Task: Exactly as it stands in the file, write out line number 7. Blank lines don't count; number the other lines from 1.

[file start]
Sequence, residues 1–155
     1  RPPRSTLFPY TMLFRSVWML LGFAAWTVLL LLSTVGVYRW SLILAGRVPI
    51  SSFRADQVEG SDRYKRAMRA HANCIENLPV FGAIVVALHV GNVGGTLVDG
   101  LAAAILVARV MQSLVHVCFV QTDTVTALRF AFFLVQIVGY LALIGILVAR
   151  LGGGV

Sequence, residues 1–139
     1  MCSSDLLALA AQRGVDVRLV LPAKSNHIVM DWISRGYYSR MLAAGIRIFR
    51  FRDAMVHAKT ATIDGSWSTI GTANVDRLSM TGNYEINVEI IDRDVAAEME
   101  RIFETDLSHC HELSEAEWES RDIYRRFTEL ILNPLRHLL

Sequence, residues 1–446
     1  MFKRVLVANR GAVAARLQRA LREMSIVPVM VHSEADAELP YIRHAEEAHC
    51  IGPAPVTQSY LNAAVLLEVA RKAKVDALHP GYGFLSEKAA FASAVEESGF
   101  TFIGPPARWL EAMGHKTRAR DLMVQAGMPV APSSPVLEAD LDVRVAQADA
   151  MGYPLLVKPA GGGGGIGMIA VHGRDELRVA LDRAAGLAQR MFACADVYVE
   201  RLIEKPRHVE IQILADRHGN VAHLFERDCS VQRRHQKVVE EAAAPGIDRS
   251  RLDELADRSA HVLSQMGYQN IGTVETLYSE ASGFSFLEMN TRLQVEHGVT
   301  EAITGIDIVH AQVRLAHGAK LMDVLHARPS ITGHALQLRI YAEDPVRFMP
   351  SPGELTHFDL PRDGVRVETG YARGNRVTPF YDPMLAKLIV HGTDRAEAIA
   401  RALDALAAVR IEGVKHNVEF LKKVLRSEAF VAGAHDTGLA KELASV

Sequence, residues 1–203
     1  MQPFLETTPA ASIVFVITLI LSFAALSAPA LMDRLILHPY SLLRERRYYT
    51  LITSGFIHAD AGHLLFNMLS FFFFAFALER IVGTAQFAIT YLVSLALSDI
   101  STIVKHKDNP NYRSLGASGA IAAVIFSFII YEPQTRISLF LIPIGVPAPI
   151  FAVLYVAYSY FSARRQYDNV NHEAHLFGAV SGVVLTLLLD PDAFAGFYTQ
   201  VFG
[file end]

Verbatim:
     1  MCSSDLLALA AQRGVDVRLV LPAKSNHIVM DWISRGYYSR MLAAGIRIFR